5.            Fosters alleged that despite the cost advice received from the quantity surveyor, Riva decided to proceed to planning.

6.            Fosters denied any advice was given to Riva that the project could be value engineered.

7.            Fosters alleged Riva was contributorily negligent for, inter alia, delaying in the appointment of a cost consultant and failing to proceed with the project diligently or at all following the cessation of Fosters' appointment.

In a lengthy judgment, Fraser J found in favour of Riva on each of the alleged breaches on the following basis:

1.            RIBA Stage A required Fosters to, "identify requirements and possible constraints". Stage B required Fosters to "confirm key requirements and constraints". Fraser J held that, "a client's budget for a project is plainly a constraint (it could also be argued that it is a requirement too)".  In the circumstances, Fraser J considered that an Architect must, "establish whether there was a budget or not at an early stage, as that is the only way that all of the key requirements and constraints could have been identified". Having found that Fosters were aware of the budget, or in any event, should have identified the budget, Fraser J found Fosters in breach of contract for failing to complete RIBA Stages A and B with the reasonable skill and care to be expected. Fosters were required to identify any constraints and ultimately design the project to match the constraint of budget. However, Fosters appeared to have jumped straight to Stage C and designed without any thought for costs.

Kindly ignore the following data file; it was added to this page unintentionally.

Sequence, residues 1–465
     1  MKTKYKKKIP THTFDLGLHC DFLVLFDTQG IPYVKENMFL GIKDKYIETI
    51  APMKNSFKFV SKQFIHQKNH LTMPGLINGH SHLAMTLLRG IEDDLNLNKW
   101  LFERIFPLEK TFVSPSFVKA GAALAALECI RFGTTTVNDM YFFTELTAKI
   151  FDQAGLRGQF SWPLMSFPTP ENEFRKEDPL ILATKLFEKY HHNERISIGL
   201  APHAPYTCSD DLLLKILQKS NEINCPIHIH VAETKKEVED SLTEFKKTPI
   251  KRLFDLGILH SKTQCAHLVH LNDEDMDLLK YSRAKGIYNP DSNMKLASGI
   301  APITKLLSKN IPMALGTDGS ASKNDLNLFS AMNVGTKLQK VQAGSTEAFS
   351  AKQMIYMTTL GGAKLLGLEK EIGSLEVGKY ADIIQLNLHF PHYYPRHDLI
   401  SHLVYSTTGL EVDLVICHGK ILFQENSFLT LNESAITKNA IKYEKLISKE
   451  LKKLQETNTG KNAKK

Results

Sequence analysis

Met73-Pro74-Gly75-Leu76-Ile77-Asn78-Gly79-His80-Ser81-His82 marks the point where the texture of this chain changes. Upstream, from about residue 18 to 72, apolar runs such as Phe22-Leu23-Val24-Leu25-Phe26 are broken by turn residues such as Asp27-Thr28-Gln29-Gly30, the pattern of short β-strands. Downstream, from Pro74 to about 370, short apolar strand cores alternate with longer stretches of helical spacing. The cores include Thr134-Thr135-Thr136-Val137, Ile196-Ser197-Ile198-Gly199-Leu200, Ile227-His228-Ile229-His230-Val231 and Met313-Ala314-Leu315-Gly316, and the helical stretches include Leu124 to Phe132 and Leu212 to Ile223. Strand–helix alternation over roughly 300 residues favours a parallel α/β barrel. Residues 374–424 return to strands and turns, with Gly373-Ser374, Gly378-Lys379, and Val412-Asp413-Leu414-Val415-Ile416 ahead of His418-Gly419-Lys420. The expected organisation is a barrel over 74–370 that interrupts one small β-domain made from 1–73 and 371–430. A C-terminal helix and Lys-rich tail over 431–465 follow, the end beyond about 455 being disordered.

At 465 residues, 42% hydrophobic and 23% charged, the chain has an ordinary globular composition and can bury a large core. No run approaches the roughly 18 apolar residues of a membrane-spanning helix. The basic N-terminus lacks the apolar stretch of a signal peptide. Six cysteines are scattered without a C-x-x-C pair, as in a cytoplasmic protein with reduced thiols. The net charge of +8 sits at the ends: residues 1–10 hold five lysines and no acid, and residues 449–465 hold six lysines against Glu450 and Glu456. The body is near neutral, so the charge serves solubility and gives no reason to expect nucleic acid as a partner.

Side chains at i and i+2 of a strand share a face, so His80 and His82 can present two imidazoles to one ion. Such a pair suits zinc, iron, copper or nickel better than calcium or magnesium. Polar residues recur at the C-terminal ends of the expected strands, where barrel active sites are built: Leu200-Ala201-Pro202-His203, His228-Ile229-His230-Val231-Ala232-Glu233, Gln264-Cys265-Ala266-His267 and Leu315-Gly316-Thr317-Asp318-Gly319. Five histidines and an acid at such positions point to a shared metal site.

Fosters' liability was not diminished by any delay in Riva not appointing a quantity surveyor until December 2007, as Fosters had not expressed any urgency when advising Riva to appoint a quantity surveyor. Indeed, Fosters themselves delayed in contacting potential quantity surveyors until November 2007. Further, and importantly, designing a project to match the constraint of budget is not synonymous with providing advice on costs.